Review by Michael Jacobson
Stars: Sigourney Weaver, Charles S. Dutton, Charles Dance,
Director: David Fincher
Audio: Dolby Digital 5.1
Video: Widescreen 2.35:1 Anamorphic Transfer
Studio: 20th Century Fox
Features: Four trailers, featurette
Length: 115 Minutes
Release Date: June 1, 1999
She's back. Ripley (Weaver), our favorite perpetual lone survivor returns to do battle again with the big ugly beast that seems to have it in for her.
Alien 3 seems to have reversed gears from its predecessor Aliens in a few ways. Once again, there is only one creature to deal with. And like the first film, there is a lot of time spent in build up before the terror really begins. Trouble is, there's nothing to build up to. Unlike the original, we already know what the creature looks like and what it will do, so the time spent leading up to the unveiling in this movie is a little less suspenseful and a little more patience wearing.
The story is intriguing, however. After a face hugger kills her companions, Ripley crash lands on a planet used as a high security prison for men with double Y chromosomes. They are the worst criminals, all murderers and rapists, driven by a rage created by too much testosterone. The only calming effect is a kind of religion they have adopted, under the leadership of Charles S. Dutton.
Problem is, an alien has come back with her, and she and the men are sitting ducks, especially with no weapons to fight with. The situation worsens when Ripley learns she is now a host to a queen. Can she be saved?
Once the action gets going, it's mostly satisfying. Director Fincher's cameras move at breakneck speed and often take on the point of view of the creature.
The creature itself, however, is a bit of a disappointment. It was created mostly by use of an intricate marionette against blue screen backgrounds, and it shows. Rarely ever does it look convincing, and this saps some of the action sequences of their potential power.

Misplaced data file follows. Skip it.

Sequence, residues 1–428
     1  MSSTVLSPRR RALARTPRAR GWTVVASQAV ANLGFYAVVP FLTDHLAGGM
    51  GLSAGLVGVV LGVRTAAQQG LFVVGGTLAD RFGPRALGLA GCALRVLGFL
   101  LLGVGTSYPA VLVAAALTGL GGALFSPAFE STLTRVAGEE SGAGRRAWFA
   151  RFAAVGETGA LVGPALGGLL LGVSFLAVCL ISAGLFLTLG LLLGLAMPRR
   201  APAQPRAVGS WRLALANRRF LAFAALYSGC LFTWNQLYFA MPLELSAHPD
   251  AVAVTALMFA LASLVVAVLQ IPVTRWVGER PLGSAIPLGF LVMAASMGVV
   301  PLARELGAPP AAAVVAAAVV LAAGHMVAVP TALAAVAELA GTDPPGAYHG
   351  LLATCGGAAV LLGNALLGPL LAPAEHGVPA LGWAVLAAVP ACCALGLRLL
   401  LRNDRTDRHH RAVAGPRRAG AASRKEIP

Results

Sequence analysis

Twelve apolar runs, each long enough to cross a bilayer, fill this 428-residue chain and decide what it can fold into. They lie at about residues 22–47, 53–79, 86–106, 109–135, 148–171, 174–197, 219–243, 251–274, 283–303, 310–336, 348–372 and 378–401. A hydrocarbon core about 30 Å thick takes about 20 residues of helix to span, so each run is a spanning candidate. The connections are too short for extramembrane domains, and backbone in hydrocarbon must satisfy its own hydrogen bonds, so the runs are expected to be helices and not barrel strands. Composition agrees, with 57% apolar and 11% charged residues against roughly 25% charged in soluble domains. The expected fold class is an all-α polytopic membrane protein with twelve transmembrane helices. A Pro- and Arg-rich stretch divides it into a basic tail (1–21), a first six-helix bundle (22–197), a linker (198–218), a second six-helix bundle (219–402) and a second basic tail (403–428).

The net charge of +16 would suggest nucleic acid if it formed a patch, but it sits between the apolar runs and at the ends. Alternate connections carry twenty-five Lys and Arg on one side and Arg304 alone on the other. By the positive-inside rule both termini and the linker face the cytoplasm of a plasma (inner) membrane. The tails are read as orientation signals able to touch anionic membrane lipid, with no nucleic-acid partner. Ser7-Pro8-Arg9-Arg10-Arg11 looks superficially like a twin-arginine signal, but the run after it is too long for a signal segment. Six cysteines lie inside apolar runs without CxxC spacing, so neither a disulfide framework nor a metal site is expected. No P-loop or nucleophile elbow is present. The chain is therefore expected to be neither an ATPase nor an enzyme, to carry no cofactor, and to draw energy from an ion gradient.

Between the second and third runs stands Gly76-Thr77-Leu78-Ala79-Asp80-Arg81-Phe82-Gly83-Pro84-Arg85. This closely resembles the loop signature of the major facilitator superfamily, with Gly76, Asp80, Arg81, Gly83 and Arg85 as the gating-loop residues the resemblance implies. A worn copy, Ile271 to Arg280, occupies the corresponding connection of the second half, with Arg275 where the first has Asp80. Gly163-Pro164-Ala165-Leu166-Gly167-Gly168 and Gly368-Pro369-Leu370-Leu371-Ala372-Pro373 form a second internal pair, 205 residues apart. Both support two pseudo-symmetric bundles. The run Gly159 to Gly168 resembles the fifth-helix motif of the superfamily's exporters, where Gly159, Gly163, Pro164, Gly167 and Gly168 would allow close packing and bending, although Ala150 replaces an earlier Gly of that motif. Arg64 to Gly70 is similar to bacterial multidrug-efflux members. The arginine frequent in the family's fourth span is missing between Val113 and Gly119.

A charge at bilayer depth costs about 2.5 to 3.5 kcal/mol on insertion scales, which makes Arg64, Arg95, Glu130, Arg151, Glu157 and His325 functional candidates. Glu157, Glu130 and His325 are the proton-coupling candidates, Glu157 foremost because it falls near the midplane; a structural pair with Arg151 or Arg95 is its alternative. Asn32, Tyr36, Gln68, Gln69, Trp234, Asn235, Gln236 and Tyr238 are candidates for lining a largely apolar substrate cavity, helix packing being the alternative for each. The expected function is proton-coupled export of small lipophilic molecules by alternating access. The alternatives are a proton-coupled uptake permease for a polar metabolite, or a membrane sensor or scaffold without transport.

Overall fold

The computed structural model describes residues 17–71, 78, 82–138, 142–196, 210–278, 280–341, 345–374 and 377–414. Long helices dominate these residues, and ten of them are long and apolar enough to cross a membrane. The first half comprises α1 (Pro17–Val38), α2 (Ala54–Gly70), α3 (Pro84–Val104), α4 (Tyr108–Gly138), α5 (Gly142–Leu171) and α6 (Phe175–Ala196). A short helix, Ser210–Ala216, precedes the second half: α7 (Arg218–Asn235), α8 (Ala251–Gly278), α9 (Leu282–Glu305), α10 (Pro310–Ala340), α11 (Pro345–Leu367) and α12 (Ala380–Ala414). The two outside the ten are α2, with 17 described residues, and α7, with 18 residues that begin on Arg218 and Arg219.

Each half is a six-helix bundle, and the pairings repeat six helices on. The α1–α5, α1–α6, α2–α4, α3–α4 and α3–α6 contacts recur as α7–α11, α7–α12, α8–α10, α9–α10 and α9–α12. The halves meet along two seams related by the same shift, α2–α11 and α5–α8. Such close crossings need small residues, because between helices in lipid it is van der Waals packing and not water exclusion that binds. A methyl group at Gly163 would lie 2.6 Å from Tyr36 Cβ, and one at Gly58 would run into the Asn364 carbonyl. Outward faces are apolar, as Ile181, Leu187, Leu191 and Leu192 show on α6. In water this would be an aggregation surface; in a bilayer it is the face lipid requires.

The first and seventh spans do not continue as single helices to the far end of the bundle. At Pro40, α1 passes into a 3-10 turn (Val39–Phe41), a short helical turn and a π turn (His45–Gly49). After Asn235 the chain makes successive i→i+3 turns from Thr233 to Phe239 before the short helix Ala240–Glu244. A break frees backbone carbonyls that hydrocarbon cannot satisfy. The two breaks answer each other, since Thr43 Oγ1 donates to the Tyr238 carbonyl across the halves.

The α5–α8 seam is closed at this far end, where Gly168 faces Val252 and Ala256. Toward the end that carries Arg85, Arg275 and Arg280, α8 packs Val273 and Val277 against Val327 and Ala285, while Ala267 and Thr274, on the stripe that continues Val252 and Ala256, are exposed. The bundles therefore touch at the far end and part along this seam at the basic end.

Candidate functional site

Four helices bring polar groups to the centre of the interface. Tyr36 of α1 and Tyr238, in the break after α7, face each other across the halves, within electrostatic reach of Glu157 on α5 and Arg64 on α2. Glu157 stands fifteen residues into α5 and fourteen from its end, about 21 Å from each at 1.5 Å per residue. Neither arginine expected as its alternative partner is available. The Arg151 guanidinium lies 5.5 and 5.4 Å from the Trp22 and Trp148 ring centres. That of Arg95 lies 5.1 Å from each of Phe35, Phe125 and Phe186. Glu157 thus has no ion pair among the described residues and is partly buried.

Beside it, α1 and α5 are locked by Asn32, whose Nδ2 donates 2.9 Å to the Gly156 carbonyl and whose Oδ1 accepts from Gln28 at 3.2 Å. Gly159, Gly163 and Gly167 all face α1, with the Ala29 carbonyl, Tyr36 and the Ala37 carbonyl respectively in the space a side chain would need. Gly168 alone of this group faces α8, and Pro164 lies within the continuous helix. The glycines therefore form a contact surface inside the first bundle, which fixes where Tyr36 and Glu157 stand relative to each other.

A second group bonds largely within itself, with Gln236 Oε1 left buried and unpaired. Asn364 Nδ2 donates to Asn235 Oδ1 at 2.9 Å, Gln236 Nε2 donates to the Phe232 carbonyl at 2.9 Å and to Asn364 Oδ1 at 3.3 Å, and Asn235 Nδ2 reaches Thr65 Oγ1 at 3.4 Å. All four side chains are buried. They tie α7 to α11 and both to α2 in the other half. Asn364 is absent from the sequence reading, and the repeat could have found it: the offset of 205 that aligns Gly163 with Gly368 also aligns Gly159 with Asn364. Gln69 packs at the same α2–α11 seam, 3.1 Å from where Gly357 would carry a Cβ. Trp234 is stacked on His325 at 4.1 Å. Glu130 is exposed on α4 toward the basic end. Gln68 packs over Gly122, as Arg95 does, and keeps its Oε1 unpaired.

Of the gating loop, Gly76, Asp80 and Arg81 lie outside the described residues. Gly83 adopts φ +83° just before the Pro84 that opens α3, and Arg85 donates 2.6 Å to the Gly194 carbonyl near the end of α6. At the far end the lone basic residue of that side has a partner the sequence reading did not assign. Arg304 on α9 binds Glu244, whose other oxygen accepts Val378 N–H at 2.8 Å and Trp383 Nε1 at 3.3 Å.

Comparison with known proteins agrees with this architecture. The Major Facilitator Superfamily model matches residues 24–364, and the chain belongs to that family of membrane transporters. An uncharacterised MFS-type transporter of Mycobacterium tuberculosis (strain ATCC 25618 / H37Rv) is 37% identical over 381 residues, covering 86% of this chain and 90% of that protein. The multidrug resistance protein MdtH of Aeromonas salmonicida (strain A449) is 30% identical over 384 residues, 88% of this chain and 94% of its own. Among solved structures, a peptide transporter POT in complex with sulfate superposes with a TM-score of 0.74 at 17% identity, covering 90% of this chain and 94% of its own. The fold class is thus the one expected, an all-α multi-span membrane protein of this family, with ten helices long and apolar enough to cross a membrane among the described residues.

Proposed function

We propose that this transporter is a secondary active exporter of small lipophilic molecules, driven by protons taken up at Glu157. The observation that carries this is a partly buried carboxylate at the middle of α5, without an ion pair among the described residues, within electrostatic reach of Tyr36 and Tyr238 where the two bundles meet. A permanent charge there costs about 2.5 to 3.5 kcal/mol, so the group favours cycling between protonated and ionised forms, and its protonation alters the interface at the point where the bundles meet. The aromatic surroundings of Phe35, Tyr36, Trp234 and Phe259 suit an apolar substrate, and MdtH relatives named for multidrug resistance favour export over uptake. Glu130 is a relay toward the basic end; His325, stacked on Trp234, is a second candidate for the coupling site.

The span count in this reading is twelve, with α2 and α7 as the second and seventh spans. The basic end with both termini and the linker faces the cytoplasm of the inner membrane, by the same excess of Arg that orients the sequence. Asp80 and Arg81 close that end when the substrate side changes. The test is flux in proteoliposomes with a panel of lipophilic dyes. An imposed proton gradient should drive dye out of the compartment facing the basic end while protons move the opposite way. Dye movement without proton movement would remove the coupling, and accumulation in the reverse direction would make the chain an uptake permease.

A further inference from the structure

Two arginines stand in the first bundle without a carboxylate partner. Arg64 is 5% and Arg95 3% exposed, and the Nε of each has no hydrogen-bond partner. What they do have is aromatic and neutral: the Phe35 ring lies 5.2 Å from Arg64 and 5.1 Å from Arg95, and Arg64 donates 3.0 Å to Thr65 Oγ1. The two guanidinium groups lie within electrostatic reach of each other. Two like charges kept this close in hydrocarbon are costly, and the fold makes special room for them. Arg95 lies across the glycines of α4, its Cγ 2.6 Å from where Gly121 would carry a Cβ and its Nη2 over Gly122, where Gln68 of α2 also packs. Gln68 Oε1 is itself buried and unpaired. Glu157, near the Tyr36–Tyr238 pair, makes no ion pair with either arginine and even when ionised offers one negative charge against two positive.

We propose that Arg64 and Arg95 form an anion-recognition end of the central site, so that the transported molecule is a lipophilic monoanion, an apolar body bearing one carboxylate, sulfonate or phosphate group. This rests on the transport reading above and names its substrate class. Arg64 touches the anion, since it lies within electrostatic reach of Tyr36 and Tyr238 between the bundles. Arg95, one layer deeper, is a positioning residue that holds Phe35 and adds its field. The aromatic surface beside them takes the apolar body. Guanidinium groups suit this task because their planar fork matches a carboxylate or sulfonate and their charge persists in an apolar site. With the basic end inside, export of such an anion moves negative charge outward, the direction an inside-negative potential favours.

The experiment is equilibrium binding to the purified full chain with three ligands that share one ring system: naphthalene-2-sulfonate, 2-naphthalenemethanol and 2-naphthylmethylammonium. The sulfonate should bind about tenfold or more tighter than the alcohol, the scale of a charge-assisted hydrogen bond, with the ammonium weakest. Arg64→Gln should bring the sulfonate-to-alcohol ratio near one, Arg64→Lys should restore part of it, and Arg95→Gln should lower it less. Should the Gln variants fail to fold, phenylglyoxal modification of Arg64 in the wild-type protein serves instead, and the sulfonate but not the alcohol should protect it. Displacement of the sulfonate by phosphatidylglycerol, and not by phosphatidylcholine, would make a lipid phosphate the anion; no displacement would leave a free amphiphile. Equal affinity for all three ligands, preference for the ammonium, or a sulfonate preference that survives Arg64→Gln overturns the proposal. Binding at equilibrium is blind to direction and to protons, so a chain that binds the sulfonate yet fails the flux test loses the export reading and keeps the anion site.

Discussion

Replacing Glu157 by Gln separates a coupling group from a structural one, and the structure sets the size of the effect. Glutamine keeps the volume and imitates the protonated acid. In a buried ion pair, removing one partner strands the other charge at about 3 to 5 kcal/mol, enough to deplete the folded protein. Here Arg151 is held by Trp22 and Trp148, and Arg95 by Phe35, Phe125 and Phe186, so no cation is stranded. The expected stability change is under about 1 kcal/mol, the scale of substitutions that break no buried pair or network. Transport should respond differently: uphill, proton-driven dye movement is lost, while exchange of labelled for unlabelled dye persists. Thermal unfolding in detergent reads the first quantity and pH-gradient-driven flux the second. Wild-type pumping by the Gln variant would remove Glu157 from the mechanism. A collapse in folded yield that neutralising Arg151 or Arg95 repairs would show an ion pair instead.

All in all, it's an OK movie, but a let down after the first two films in the series. There are things to like about it, though, particularly Weaver, who shines as always. It's easy to understand why she wanted to make this movie. Charles S. Dutton is a fine actor, and his presence is welcome, though his character is painfully underdeveloped.
If you loved the first two movies, you should give it a try. It's a worthy enough diversion for one evening's entertainment.
This is a THX certified anamorphic transfer, and it is without a doubt the best looking of the Alien DVD's. Images are sharp and clear, color is always bright and natural, and there is no grain or compression evident, even in the darker scenes.
This is also one of the better soundtracks, making better use of the Digital 5.1 sound than the first two. Both front and rear stages open up with a much fuller ambient audio atmosphere, with strong effects and good dynamic range.
The features are fewer on this disc, but they include trailers for all four movies, plus a lengthy and quality featurette on the making of the film, which includes interviews with casts and filmmakers from the first two movies as well.
Alien 3 is not great, but pretty good, and certainly nothing to shy away from if you're a fan of the series. Despite the disappointments inherent, it mostly works, and is suitably entertaining.